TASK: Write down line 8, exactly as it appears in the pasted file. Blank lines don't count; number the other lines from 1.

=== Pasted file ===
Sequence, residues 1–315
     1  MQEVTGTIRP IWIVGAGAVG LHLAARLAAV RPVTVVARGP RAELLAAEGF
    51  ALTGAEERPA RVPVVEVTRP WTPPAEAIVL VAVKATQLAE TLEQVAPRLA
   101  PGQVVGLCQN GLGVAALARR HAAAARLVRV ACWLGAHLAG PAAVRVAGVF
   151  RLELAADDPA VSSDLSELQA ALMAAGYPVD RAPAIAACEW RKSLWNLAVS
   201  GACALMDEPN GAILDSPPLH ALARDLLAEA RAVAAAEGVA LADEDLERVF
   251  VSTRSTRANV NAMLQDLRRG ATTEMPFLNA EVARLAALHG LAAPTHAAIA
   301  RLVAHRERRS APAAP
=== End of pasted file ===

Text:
   301  RLVAHRERRS APAAP